~No. 7 - Pride and Prejudice 1995~
Hoo boy. . . where to start? By now you're probably all aware that this isn't my favourite P&P and that, shockingly, Colin Firth is not my favourite Mr. Darcy. :P So I'll try not to make comparisons between the different versions of P&P, and instead just write down some of my thoughts on this particular adaptation.
One of the most obvious positives about this production is its length - some 5 hours. This is the only version that includes almost all of the characters and plot points from the book. But, on the other hand, some of my favourite dialogue from the book still didn't manage to find its way in. In fact, there are snippets of dialogue from the book that are included in the 2 hour 2005 adaptation, but not this version! But I said I wasn't going to make comparisons. . . oops.
I think the major reason why this adaptation is so popular (besides Colin Firth), is the way that it has been subtly modernised and contemporized. It appeals to both die-hard Janeites and fans of contemporary romantic comedies. Jennifer Ehle's Lizzy is easy for the modern woman to relate to - she's outspoken, intelligent, and not easily intimidated. She could almost be a feisty, modern heroine simply transplanted into 19th century society. The dialogue is distinctly early-19th-century, and yet it's delivered in such a way as to make it understandable and engaging for modern audiences. This was the series that made people realise that period drama - and specifically Jane Austen - needn't be stuffy or "boring"!
There's no denying the fun and charm of P&P 95. The acting is good, and there's great chemistry between all of the actors. As a series, it just works so well. As a truly faithful translation of Pride and Prejudice, it doesn't succeed as well. Not to my mind, anyway.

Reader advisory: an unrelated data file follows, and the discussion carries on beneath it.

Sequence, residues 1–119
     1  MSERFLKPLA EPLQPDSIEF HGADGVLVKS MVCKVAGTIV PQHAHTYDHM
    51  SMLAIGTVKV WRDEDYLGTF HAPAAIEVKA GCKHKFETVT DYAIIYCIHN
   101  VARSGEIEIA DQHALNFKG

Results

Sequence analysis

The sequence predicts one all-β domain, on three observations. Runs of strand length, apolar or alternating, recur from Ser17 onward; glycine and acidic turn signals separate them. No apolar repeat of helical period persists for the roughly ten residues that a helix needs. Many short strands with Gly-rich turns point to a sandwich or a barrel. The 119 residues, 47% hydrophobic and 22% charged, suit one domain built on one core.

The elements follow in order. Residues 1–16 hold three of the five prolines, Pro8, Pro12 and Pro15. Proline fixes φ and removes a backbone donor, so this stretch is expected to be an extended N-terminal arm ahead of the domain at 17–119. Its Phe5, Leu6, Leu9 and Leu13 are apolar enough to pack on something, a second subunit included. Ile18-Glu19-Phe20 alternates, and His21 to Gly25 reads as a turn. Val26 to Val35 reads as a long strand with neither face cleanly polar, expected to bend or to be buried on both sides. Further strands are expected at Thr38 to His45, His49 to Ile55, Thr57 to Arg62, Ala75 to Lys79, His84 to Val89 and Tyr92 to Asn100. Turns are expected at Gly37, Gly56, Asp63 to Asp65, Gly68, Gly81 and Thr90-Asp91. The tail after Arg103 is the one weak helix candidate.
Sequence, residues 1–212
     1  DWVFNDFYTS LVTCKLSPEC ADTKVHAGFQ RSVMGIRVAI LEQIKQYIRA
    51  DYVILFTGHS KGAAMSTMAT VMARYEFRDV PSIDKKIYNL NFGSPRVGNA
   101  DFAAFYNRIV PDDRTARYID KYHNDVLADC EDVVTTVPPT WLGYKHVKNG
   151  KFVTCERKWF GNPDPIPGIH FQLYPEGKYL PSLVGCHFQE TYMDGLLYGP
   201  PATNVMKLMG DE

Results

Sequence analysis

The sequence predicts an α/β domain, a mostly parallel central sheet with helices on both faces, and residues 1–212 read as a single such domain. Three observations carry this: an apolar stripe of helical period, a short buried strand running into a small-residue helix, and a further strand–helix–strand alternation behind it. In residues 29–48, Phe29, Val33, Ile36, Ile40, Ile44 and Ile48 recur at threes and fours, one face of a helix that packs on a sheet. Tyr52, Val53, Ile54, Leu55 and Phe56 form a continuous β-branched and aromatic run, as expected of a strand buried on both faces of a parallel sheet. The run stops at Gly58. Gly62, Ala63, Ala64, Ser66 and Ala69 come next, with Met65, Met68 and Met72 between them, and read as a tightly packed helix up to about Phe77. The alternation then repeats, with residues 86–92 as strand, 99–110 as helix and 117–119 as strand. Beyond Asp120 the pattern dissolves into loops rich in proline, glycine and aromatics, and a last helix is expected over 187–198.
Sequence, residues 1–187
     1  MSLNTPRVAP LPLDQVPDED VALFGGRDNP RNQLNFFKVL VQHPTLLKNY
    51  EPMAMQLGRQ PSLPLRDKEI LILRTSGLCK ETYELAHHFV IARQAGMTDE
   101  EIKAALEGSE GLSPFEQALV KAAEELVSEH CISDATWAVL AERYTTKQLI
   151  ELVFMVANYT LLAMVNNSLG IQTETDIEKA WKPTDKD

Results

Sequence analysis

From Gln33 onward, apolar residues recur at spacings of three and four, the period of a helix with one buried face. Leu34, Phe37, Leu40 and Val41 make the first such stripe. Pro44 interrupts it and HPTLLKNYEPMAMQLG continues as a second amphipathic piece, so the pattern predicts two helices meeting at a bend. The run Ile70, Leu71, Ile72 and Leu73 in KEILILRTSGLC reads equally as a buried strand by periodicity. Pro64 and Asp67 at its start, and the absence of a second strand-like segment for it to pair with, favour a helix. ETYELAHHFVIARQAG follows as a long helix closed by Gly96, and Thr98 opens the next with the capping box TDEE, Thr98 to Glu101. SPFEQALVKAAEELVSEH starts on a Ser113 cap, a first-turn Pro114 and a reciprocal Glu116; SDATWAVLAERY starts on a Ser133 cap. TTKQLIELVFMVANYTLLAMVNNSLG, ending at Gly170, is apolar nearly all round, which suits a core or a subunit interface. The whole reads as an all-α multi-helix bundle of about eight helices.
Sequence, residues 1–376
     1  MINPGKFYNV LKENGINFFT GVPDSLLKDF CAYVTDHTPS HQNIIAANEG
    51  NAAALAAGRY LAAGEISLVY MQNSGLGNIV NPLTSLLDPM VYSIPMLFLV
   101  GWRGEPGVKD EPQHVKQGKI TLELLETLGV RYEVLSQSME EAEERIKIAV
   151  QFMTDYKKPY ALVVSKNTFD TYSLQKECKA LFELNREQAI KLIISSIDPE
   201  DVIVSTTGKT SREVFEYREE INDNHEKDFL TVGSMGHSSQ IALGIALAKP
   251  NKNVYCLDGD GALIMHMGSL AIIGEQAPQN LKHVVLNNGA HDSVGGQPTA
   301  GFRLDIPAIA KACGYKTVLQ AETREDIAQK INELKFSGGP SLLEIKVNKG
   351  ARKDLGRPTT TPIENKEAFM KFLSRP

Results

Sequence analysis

I thought that about 80% of the actors were miscast - including the two leads, Jennifer Ehle and Colin Firth. As someone who grew up watching P&P 95, when I read the book for the first time, the thing that struck me most was how different all the characters were from the miniseries. Colin Firth wasn't so very bad, but Ehle in particular didn't seem to be at all like the Lizzy from the book - not only in appearance, but in voice, manner, even in personality. Many of the characters were played as caricatures - Jane Austen doesn't write caricatures, she doesn't exaggerate.
I didn't like all the choices that Andrew Davies made when writing the script. (LOL, here I am, whingeing about Andrew Davies once again. . . ) The choice to flesh out Darcy's character by inventing new scenes was an interesting one, but I'm not convinced that it worked. You lose all of the suspense of the plot by knowing what Darcy is thinking and doing. Jane Austen almost always writes from the heroine's perspective - and the suspense of the story usually comes from not knowing what the hero's feelings or intentions are until the very end of the novel.
But beyond these two complaints, there's something else that bothers me about the 1995 P&P that is more difficult to define. Perhaps it's just that my vision of the novel doesn't line up with the one presented in this adaptation?
Pride and Prejudice 1995 is, in my opinion, a good example of a literary adaptation following the letter of the novel, without capturing its spirit, its essence (to use a horribly cliched phrase). Even though it may seem a faithful adaptation, something about it just isn't right. I know many people consider it to be the definitive adaptation of the novel, but I can never regard it as such.
But, having said all that, it is still an essential part of my DVD collection, and something to enjoy watching with my family over and over again. :-) I don't dislike this version - I like it! I just can't think of it as the definitive P&P.
One piece of trivia to finish - did you know that Jennifer Ehle/Lizzy is a natural blonde, and had to wear a wig for the part? Or that Colin Firth is a natural redhead, and had to dye his hair dark? Hmm, a blonde Lizzy and a ginger Darcy - no wonder there seemed to be something wrong with P&P 95. :P Just joking, of course. . .